Now what about a multithreaded program ? Imagine a program with two threads that throws an exception. Can you split the program in two pieces such that the exception comes from either one or the other ? No way !

This is precisely why multithreading is difficult. Multithreaded programs are impossible to test and debug, and making sure that they work properly requires a thorough analysis of the whole code, including pieces you didn’t even know they existed.

Parallel programming itself does not need to be difficult, the problem is that mainstream programming languages do not provide a parallel composition operator as they do for sequential composition. Ateji’s technological offering consists precisely in retrofitting languages with such an operator.

Let me stress this once again: multithreaded programming is difficult because of the lack of composability. Not because because of parallelism, non-determinism, or the other usual suspects.

This is true of Java threads, but also of all structures built upon threads without providing their own composition mechanism, such as tasks (the Java Executor framework) or concurrent collections (the Java concurrency framework).

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Back from SuperComputing 2010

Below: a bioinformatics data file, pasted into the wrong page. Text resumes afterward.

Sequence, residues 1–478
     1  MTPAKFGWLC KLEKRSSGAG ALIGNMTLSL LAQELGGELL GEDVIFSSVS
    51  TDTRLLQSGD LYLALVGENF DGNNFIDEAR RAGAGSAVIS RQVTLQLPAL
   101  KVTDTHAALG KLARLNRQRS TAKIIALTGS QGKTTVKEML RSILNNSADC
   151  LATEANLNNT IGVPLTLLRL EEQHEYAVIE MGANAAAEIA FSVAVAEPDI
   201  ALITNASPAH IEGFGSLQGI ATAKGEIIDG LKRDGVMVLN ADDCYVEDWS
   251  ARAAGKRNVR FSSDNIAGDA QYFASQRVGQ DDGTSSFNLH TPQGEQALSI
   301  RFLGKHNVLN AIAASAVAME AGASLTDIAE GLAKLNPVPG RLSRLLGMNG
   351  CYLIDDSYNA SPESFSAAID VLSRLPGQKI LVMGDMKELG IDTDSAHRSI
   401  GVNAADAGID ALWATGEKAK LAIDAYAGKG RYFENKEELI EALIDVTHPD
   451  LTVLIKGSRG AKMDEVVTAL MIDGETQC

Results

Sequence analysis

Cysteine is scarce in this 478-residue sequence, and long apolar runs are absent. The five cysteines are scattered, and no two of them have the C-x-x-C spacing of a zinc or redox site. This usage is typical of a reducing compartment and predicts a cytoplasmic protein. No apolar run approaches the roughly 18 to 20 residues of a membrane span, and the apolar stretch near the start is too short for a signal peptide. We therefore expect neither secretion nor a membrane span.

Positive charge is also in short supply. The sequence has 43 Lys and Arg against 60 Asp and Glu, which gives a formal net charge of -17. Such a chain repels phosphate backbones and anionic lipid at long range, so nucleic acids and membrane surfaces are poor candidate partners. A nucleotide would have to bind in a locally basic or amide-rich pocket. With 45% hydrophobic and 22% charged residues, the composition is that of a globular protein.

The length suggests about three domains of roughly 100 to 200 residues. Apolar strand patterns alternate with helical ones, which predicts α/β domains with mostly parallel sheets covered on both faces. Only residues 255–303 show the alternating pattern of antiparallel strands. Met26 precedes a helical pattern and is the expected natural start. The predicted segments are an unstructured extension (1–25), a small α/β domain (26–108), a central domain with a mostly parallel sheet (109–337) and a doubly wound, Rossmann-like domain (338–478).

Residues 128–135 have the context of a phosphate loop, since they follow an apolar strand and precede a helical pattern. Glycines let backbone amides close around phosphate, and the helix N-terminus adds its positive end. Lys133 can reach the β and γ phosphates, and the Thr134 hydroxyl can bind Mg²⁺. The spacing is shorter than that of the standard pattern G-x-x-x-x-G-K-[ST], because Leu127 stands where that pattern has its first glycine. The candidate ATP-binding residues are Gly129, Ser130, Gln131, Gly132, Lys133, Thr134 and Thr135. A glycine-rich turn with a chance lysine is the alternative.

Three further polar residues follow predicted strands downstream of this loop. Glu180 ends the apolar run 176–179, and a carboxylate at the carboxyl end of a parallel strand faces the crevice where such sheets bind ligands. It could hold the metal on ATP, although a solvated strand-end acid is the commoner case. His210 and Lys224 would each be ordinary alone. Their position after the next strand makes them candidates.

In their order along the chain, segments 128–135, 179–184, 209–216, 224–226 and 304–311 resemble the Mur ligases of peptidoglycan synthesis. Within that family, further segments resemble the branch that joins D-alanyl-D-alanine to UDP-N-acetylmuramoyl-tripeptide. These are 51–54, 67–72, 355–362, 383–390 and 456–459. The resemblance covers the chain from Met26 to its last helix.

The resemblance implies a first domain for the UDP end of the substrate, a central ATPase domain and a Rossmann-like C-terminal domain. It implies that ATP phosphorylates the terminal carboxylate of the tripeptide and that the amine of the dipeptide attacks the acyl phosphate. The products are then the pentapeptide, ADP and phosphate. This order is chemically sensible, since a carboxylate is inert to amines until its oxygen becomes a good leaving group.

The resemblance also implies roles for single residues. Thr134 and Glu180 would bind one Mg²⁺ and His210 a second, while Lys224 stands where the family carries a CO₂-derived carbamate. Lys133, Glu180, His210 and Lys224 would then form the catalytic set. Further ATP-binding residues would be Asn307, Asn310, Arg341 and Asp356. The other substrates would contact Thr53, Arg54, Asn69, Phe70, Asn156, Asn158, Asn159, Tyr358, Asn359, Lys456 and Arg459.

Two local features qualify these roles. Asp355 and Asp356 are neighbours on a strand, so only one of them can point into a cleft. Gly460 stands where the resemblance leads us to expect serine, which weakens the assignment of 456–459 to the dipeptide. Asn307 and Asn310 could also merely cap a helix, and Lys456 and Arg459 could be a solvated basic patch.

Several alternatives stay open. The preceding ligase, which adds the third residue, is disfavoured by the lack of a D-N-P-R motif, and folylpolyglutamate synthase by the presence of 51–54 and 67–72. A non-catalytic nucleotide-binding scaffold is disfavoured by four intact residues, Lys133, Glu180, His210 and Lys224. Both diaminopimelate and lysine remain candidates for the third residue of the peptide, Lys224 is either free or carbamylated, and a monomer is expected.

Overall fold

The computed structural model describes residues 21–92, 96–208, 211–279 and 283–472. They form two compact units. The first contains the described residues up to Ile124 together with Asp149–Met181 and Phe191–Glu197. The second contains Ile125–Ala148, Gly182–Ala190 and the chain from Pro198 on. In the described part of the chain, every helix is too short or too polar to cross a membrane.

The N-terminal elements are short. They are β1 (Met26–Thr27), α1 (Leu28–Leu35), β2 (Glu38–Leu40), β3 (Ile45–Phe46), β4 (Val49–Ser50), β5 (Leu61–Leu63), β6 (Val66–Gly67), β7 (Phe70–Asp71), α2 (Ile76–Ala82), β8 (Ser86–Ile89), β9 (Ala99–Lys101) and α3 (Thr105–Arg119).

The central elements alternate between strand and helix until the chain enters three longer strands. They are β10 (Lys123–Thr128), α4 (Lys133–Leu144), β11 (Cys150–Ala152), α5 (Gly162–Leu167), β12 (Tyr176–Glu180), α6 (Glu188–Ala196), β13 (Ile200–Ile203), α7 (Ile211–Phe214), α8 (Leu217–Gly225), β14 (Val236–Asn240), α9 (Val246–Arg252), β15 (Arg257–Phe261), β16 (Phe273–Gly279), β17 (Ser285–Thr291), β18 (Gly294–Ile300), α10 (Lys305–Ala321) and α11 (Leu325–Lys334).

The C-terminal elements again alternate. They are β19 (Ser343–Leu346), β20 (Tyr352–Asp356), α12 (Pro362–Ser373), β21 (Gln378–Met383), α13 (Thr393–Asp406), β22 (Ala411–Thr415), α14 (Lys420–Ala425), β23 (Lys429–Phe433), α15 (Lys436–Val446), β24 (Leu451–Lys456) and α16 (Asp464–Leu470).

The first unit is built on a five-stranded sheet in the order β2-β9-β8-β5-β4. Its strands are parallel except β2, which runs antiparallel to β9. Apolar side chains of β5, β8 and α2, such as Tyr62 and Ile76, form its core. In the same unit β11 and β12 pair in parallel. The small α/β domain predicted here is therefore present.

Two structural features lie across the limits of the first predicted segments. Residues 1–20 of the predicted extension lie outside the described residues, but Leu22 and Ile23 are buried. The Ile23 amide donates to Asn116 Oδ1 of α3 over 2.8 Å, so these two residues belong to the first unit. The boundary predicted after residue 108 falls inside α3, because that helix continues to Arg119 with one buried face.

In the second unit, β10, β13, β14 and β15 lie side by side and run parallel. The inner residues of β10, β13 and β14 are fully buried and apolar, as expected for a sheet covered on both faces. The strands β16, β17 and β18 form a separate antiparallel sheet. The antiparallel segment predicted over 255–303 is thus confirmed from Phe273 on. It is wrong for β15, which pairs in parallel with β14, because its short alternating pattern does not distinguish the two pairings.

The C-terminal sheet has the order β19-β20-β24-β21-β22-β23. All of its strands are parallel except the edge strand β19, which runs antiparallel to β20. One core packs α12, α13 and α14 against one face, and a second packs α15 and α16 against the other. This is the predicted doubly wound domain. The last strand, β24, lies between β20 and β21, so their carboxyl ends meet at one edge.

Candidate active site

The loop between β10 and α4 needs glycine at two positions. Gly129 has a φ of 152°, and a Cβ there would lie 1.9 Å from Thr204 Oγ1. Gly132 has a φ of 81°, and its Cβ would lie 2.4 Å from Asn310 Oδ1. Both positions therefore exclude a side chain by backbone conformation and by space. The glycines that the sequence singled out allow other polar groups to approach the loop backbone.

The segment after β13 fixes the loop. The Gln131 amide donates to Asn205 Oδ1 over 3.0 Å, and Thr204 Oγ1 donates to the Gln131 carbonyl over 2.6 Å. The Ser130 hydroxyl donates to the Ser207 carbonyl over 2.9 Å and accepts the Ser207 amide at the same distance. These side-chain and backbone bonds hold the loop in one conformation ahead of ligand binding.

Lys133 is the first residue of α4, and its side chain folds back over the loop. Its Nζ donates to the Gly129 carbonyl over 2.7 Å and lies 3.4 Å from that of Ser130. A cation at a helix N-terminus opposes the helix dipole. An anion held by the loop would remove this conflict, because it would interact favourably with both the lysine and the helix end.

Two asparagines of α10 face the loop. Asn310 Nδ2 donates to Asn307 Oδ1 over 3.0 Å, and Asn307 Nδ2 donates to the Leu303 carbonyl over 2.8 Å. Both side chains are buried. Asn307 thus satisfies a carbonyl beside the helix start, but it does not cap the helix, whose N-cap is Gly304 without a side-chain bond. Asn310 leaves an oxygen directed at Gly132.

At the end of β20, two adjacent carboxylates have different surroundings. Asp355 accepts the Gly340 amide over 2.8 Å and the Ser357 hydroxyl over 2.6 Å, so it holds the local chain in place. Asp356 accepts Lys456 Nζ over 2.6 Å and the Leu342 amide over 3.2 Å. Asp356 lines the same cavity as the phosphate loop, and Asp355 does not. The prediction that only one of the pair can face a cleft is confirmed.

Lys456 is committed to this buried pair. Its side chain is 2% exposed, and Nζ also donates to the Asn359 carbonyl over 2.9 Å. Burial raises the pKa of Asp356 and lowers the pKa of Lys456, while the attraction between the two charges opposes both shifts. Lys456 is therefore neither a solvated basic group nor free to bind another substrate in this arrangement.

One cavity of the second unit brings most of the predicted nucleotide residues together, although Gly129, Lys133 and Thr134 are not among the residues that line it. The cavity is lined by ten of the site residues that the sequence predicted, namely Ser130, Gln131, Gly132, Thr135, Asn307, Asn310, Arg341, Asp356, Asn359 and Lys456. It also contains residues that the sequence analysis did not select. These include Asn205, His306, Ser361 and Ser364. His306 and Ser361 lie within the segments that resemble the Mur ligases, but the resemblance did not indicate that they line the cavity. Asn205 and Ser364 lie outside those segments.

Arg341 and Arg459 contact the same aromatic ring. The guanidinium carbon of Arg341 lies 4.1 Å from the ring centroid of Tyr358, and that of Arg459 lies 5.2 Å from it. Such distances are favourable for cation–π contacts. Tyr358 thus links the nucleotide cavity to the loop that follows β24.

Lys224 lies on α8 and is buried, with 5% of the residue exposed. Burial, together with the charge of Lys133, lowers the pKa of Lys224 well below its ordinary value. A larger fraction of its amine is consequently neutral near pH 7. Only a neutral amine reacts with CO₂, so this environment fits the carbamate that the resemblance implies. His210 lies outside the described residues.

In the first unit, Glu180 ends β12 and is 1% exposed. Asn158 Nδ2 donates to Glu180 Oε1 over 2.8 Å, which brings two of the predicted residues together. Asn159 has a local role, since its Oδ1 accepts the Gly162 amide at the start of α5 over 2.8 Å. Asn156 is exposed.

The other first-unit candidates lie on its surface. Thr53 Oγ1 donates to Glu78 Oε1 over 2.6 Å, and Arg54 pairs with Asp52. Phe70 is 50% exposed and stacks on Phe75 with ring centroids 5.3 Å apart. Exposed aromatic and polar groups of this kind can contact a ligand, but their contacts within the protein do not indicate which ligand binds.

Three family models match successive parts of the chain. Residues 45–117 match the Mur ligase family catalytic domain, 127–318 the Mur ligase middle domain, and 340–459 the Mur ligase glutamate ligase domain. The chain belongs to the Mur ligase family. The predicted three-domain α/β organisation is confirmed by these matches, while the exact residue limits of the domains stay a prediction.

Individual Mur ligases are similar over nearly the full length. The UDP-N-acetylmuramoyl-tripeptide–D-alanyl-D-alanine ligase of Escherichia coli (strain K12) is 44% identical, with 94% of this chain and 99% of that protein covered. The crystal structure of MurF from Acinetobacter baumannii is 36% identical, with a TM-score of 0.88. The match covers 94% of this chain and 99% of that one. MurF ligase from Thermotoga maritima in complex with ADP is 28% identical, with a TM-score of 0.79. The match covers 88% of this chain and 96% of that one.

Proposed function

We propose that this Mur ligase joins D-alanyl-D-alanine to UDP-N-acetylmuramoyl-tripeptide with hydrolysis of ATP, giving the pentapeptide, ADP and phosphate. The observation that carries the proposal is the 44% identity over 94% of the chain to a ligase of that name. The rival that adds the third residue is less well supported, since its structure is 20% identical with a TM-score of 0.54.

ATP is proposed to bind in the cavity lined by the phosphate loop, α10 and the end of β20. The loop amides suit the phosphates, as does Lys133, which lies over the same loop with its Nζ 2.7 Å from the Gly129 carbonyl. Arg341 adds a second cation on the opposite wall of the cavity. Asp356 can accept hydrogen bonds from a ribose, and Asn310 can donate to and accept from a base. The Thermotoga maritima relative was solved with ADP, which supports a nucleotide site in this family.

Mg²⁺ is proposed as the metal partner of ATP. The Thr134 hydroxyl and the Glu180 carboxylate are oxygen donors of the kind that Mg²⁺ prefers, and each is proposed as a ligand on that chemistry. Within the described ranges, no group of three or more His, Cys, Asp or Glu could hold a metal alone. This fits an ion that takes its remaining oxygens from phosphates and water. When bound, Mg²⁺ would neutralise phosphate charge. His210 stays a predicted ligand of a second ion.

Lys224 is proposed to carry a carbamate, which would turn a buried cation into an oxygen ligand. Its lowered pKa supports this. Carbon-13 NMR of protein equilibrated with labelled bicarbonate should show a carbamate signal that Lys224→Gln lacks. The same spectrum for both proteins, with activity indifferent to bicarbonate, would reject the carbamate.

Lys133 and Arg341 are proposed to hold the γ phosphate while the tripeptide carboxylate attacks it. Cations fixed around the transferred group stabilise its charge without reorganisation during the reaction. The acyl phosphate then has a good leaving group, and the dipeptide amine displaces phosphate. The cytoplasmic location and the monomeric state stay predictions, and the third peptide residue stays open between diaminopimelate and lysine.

The New Orleans skyline from Garden District

This view from the hotel at 6am was about the only time we had a chance to see the sun. SC10 has been a very busy week for the Ateji team, with a lot of business meetings (all the big guys where there) and a wealth of visitors to our booth.

From left to right: Claude, Maxence and Patrick on the Ateji booth. Most visitors were curious about this new approach to do parallel programming and spent a long time chatting and asking questions. We even had a handful of teachers interested in using Ateji PX as a tool for teaching parallel programming, as it provides a general and intuitive model of parallelism on top of Java.

Ateji was part of the Disruptive Technologies exhibit. You get there after submitting your technology and vision and being selected by a panel of experts of the program committee. And yes, we got a free booth! Many thanks to John and Elizabeth for making this exhibit a success.
Parallel lines named Desire

Being recognized as a disruptive technology means that Ateji PX has the potential to deeply change the landscape of HPC and parallel programming in the coming years. We all hope for its success as an industry standard. The focus on disruptive technologies was emphasized by having Clayton Christensen, the author of “The Innovator’s Dilemma” and “The Innovator’s Solution”, as keynote speaker. Clayton, if you happen to read this, I’d be happy to have a chat with you.

We handed out these cute USB keys labeled Ateji – unlock Java performance, that contain whitepapers, documentation and an evaluation version of the software. They had a lot of success on the SC10 booth, but also with the TSA: I carried a few hundreds of them in my suitcase, it was opened and inspected every single time we boarded a plane! I now have a collection of these flyers.